Koji Beer

Koji Ber

Koji beer is a fusion of east and western styles of beer. Sake is generally called a rice wine but it is in fact more like a beer than wine. It is made using rice and top quality koji and this formed the “Eastern” element of the brew. When making sake, only rice and koji are used and a special yeast which can reach the 18-20% ABV levels in sake (although it is often diluted down to 15% when sold commercially).

The Western part of the brew was a mash made using extra pale malted barley and flavoured with Saaz hops (which are used in European beers like Hoegaarden). These two elements were blended together and fermented using an American yeast which gives a crisp finish. This is a truly international beer!

The final ABV of the beer was 7.8% which places it fairly well up the normal beer ABV range of 3 to 9%. It fermented most of the sugars out to give a fairly dry finish similar to traditional ciders but without the astringency. This is a very different tasting beer and one which goes well with dishes made using koji.


Koji Beer

A beer made using koji rice, giving a dry, sour characteristic to the beer
Course: Drinks
Keyword: beer


  • 1 kg flaked rice
  • 400 g Umami Chef koji
  • 2 kg Simpsons Extra Pale Malt
  • 1 SafAle US05 Yeast
  • Saaz leaf


Rice Preparation

  • Wash the rice and then add at least 2 litres of water.
  • Leave to soak in a fridge overnight.
  • Rinse and then boil for 20 minutes.
  • Drain the rice and then leave it to cool.

Koji Fermentation

  • Add the rice and the koji to the nylon bag. Place the tied nylon bag into a 3 gallon fermentation vessel.
  • Cover with 3 litres of cooled, boiled water.
  • Place a lid with an airlock on top and leave at room temperature (21'C) for 4 days.
  • Filter the rice from the liquor.


  • Make the beer with 2kg of Simpsons extra pale malt and saaz hops in a kettle ready mash at 66'C. 25g of saaz leaf is used as a bittering hop, boiling for 60 minutes. Add a further 15g with 15 minutes to go and 10g with 5 minutes to go. (Note: The initial gravity of this wort was 1055.)
  • Add the liquor from the koji (3.3 litres) (Note: The initial gravity of the koji liquor was 1072 and when combined it was 1063) Giving a total volume of about 11 - 12 litres
  • Add SafAle US05 Yeast and fit a lid with fermentation lock.
  • Leave to fermet out, about 5 days. (Note: Final gravity 1004 - giving 7.8% ABV)
  • Rack off the beer and add 60g priming sugar before bottling.
  • Leave to condition for 10 weeks.

17 thoughts on “Koji Beer

  1. Interesting that nowhere in the recipe does it actually state how to use the koji rice. Not entirely sure how a nylon bag is supposed to ferment when covered with water.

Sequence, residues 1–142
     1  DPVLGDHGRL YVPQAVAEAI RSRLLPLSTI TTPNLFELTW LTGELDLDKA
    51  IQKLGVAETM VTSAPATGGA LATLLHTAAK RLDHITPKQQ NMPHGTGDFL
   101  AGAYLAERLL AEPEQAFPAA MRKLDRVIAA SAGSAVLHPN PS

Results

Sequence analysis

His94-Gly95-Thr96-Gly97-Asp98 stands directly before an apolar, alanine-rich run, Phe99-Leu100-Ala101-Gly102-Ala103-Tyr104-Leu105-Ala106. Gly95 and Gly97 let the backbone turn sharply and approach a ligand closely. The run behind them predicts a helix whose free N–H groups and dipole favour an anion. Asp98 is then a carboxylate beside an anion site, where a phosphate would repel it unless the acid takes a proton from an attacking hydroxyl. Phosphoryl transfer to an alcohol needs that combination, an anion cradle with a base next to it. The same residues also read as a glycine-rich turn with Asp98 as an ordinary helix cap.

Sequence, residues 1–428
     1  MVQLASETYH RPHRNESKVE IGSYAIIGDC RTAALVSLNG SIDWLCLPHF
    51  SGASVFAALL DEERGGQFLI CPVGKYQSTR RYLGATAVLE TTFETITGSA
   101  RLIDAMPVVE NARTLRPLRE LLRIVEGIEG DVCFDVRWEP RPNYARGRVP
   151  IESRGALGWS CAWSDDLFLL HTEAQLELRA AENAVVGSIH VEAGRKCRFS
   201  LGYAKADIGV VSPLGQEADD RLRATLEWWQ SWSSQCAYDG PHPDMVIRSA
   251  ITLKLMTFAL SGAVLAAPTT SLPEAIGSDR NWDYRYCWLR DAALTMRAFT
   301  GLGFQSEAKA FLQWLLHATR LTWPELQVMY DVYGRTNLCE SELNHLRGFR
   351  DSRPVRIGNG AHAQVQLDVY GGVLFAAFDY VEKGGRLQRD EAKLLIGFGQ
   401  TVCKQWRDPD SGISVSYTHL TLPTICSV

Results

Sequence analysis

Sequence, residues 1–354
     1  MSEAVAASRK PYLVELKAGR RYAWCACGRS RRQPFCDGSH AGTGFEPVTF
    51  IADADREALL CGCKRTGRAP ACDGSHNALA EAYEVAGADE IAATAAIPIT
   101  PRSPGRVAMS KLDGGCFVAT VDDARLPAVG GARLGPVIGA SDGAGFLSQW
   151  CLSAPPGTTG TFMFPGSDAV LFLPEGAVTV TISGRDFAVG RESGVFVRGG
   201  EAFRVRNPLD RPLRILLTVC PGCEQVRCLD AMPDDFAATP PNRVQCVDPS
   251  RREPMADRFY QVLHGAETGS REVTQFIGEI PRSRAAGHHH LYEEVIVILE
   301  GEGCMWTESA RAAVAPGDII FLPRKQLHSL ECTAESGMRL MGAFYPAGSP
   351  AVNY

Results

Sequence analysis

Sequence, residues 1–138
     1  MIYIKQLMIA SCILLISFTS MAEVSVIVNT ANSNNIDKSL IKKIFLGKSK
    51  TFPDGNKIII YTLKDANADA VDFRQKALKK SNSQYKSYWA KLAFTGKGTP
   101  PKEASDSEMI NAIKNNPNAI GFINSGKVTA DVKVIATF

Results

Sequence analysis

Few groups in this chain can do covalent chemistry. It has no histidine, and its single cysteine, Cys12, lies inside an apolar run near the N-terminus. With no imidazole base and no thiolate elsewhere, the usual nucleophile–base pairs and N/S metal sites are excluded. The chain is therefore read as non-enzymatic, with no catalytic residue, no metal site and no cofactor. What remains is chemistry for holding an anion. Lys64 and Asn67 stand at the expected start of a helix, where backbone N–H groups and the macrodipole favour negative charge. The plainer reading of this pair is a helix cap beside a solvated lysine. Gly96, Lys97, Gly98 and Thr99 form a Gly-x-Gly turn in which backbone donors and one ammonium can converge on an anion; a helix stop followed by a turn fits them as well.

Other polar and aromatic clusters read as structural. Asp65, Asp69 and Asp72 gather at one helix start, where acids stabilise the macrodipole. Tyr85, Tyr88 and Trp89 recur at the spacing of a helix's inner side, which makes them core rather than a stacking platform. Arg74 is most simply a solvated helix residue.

1. Thank you for pointing that out! I’ve changed it now. Nylon bags don’t ferment very well!!!

    2. I wanted to try this with buckwheat koji after I try the original .

      1. I’m sure that will taste great too – good luck!

  2. How much wort did you make out of the 2kg of grain that you then mixed with the koji ?

    1. I had 15lt after sparging, after the boil 9lt went into the fermenter with an sg of 1055. To this was added the 3.3lt koji/rice water which of course had soaked for 6 days. This had a sg of 1072. Together the mix ready for fermentation had an sg of 1063. Final sg was 1004 giving a ABV of 7.8⁶%

  3. Intriguing! Thanks for the recipe! Can you say more about the taste, if it is possible to describe it somewhat more of course…

    1. It’s really hard to describe! It tastes like a beer with citrusy notes, but it also has another dimension to the taste – something that is hard to describe, but is reminiscent of sake. You’ll have to give it a try and see if you can describe it better!

  4. You only fermented for 5 days? And then 10 weeks of conditioning?

    1. Fermentation needs to continue until the bubbles cease or slow to over 1 minute. This depends very much on temperature, original sugar content and yeast used. But for this recipe, made during Spring in the UK, it took 5 days.

      In terms of conditioning for a stronger beer you need at least a couple of months but the beer will improve with keeping. For a stronger beer you might need 6 months. However enjoy a bottle every month and see if it has improved!

  5. Is koji beer sour?

    1. This beer has a slight sourness, but koji beer can be could be made to be more or less sour, depending on the recipe used.

  6. When you add the koji and the rice in the bucket for koji fermentation, do you cook the rice, or do you put it in dry and the water works it magic?

    1. The rice is cooked when added to the bucket

  7. I take it you used hop cones not leafs.

  8. Seeing as you did not boil the rice liquor, there would be active enzymes and live Koji, as well as US05, in the subsequent ferment. I would think the persistent amylase activity would produce an extremely dry beer? The proteolytic enzymes produced by the Koji probably reduce head retention too. Pasteurizing the rice liquor would prevent these outcomes but it sounds like it’s a great beer anyway. When I searched this recipe, I was actually looking for a beer which ‘malts’ barley with Koji instead of a mash using barley malt – something to try next time?

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